Differences in describing winemercredi, 16 août 2017

By a true hazard I went on the blog of Michiel Demarey who describes himself so: « I’m a epicurean fine wine lover, pianist, philosopher and champagne freak. In 2010 I started with Champagnifique, a blog where I shared my tasting notes free of charge. The Champagnist is my new project where I write (together with my team) about producers, champagnebars, gastronomy, lodging and luxury. In 2017 I got recognition for my work and I became Chevalier dans l’Ordre des Coteaux de Champagne« , and I saw the notes about Champagne Selosse Millésime 2005. (http://reviews.champagnist.com/?p=7361 ) :

« Tasted November 2016 at Grand Tasting Paris. Tasted out of Riedel Riesling Grand Cru and Zalto Burgunder. Made of 100% Chardonnay. Very aromatic and smooth aroma of english orange marmelade, lemon peel, ripe jackfruit and pomelo, overripe mirabel plum, glue, fermented fruits, ginseng, candied ginger, typical Selossian oxidative notes, green tea, sweet scented bedstraw and bison grass. Very peculiar indeed. The mouthfeel is soft and mouth caressing. On the palate you get candied orange, Charentais melon, a hint of pourriture noble and a touch of Manuka honey together with complex fermented tones and mild herbs. The finish is long with orange, white pepper and soft woody spices. Yet another ethereal wine of Selosse and a lovely expression of the vintage. / Rating: 93/100 »

Here is the note that I wrote on this champagne drunk together with another Selosse: « The Champagne Selosse Grand Cru Initial Blanc de Blancs Brut disgorged on 21 September 2011, an equinox day, is served at the same time as the Champagne Selosse Grand Cru Extra Brut vintage 2005 disgorged on November 25, 2015. Both champagnes have very similar colors, of fine gold. According to the associated flavors and depending on the gradual warming of the champagnes in the glasses, the preferences will vary, sometimes for one and sometimes for the other. The Initial is made of wines of three successive years unlike the vintage. I find it more ample and the final more bouncing than the vintage champagne which is finer, more delicate. Very clever the one who would divide these two champagnes excellent, very different but having a common DNA of this great maison de champagne. The small sardines are ideal on these two very lively champagnes ».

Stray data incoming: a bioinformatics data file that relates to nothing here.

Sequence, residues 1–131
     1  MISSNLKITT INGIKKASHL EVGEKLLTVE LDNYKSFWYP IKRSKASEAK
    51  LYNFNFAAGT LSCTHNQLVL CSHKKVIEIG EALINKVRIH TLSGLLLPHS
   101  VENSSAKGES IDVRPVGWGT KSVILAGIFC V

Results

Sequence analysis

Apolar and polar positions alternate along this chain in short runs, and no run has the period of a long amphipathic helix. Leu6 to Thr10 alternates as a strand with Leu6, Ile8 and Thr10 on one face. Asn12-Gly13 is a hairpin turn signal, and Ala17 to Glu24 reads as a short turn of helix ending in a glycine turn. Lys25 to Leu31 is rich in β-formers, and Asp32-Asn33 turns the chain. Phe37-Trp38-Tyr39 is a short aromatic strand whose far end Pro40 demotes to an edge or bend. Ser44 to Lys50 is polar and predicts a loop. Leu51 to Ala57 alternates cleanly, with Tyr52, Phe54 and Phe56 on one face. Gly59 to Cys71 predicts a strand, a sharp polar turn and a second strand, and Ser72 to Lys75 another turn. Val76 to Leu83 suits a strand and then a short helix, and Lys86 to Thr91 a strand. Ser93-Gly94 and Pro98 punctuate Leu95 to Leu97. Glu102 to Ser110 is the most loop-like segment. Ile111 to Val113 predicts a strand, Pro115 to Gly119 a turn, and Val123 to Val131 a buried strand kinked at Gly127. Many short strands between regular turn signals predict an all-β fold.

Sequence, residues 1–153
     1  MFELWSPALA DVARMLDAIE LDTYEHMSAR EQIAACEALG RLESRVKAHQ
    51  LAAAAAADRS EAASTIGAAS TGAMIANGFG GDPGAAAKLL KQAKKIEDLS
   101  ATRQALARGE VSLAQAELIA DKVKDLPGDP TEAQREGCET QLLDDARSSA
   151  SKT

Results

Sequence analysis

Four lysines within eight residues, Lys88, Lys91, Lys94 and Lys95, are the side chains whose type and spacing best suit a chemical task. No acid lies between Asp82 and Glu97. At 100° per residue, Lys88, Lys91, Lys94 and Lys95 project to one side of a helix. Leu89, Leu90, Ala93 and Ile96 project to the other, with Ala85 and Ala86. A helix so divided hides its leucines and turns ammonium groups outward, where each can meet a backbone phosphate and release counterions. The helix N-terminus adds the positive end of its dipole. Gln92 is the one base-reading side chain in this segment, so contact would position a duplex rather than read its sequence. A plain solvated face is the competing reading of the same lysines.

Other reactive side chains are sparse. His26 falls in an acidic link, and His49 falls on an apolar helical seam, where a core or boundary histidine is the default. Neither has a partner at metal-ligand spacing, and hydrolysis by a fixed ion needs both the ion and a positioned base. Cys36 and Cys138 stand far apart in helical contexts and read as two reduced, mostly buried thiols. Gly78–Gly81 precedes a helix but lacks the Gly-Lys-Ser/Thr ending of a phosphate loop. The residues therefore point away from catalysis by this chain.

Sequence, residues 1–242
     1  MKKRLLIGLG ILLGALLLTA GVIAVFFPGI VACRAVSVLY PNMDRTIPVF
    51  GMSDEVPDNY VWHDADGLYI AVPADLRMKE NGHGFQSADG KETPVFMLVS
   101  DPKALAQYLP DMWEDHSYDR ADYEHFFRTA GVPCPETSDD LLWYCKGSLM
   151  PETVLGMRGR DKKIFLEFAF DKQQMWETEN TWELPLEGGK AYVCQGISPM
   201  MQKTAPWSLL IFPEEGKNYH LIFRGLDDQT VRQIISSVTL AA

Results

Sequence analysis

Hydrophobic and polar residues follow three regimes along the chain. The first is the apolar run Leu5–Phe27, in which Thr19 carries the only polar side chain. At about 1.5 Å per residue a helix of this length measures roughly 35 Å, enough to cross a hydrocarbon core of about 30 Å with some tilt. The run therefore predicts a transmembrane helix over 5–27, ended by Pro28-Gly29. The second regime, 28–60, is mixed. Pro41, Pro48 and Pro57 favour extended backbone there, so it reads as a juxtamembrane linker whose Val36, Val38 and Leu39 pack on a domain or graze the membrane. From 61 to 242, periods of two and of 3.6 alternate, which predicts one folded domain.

It is clear that the two presentations are very different. Michiel is extremely analytic and makes a much more complete description, in which I feel lost.

My notes are more synthetic, focused on the pleasure created by what I drink.

There is no better or no worse and probably the two are necessary but I must confess that for me two much analysis puts me not at ease and refers to tastes that I will never try to find in a wine.

« tous les goûts sont dans la nature ».

Note: I became Chevalier dans l’Ordre des Coteaux de Champagne without any relation with any work.